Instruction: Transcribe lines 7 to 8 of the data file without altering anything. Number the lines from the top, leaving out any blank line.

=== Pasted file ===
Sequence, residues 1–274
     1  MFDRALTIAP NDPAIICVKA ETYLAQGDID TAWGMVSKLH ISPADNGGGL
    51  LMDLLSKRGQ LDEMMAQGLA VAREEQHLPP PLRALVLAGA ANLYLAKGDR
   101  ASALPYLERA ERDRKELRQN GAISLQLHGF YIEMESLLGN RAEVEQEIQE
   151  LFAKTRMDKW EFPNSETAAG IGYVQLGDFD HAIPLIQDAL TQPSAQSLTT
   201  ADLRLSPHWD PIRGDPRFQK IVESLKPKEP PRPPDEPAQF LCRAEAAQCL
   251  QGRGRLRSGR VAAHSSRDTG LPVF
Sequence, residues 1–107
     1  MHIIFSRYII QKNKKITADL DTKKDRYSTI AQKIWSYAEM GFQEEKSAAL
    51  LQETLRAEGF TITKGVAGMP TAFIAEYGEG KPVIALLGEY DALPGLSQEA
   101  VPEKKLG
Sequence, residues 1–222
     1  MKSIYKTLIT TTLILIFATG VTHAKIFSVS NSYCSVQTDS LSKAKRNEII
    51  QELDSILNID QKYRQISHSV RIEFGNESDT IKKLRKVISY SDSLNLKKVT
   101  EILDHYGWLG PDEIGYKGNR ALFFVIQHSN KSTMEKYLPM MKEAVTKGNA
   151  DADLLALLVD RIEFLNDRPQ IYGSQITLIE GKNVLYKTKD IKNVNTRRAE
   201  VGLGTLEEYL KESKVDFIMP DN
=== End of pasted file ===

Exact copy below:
   251  QGRGRLRSGR VAAHSSRDTG LPVF
Sequence, residues 1–107